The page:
This post was originally published in the May 2012 issue of The Leading Teacher.
Challenging economic times, ever-increasing demands, and dwindling resources have taken a toll on teachers, contributing to the largest decrease in teacher job satisfaction in more than 20 years. In his book Drive: The Surprising Truth About What Motivates Us, Daniel Pink identifies three key elements of motivation that address internal drive and increase job satisfaction:
• Autonomy: People want to have control over their work.
• Mastery: People want to get better at what they do.
• Purpose: People want to be part of something that is bigger than they are.
When thinking of ways to create a new system for professional learning, we should consider how to embed these powerful motivators into learning designs.
Support learners in taking an active role in their learning by giving them the autonomy to choose when, where, and how they learn. Use technology to offer flexible learning opportunities, including web-based courses, blended learning, self-paced courses, and online communities. Develop a variety of learning tasks during face-to-face professional learning -- including examining student work and curriculum development -- and outside of the face-to-face professional learning environment -- such as study groups, professional reading and discussion, and action research.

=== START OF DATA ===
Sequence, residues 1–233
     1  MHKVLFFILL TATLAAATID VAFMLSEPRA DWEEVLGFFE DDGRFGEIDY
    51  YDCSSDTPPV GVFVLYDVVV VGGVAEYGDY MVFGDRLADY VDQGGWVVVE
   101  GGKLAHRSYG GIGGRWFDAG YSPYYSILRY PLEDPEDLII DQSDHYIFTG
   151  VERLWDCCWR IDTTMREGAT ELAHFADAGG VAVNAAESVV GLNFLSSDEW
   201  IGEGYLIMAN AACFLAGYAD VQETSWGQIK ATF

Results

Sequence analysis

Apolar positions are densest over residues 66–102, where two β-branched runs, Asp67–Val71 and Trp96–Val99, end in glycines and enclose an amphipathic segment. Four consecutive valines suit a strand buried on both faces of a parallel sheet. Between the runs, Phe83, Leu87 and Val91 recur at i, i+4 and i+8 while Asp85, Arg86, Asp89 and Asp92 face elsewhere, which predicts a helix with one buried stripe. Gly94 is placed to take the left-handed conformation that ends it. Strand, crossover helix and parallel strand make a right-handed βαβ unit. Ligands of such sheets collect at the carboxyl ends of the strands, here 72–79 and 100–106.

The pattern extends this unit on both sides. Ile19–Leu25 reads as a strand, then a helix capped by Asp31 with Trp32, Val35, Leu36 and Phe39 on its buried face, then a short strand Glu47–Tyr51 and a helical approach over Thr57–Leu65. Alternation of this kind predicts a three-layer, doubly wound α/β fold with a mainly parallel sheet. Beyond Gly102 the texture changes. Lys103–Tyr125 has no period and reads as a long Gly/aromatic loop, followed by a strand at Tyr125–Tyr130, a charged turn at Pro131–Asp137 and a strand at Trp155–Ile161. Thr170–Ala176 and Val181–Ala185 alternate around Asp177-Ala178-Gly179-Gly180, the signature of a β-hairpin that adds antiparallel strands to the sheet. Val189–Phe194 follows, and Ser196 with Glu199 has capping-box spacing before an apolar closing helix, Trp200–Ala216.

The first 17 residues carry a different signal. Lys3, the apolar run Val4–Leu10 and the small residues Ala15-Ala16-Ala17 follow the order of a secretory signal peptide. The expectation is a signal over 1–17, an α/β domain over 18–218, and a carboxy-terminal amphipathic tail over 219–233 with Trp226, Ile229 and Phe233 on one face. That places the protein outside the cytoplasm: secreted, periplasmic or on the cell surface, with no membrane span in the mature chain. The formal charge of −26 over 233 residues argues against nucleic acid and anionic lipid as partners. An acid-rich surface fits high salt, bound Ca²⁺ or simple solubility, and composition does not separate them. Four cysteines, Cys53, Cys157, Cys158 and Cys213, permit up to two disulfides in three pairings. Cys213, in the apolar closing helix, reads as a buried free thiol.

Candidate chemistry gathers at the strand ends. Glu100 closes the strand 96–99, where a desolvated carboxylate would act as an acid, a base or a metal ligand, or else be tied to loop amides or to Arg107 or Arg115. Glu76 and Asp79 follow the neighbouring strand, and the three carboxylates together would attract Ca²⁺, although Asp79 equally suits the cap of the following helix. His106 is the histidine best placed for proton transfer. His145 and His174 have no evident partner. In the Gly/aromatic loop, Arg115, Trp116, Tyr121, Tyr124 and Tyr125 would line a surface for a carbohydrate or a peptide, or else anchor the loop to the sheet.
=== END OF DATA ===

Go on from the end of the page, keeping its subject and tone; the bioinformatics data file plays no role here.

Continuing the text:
Align learning designs with intended outcomes and clear expectations to support mastery and move learners beyond comprehension of the necessary knowledge, skills, dispositions, and practices. Schedule job-embedded learning opportunities for classroom observations, lesson study, and peer coaching.
Share learners' successes, impact, and results of professional learning to provide a constant reminder of the overall purpose -- improved student results. Facilitate professional learning teams where teachers analyze data, share lessons, demonstrate teaching practices, and celebrate successes.
These three concepts reinforce that how we design professional learning affects its quality and effectiveness. Consequently, they can also serve as signposts for creating a new operating system for professional learning.
As teacher leaders, learning, studying, and understanding theories and research about how people learn can heighten your level of awareness and inform your practices to motivate teachers to change their practice.
Knowing that learners' motivations influence decisions about professional learning will help you better identify and select the designs that best support changes in educator practice. It also acknowledges the significance and importance of your role to support educator effectiveness and student learning, as described in the Learning Designs standard.
Associate Director of Strategic Initiatives, Learning Forward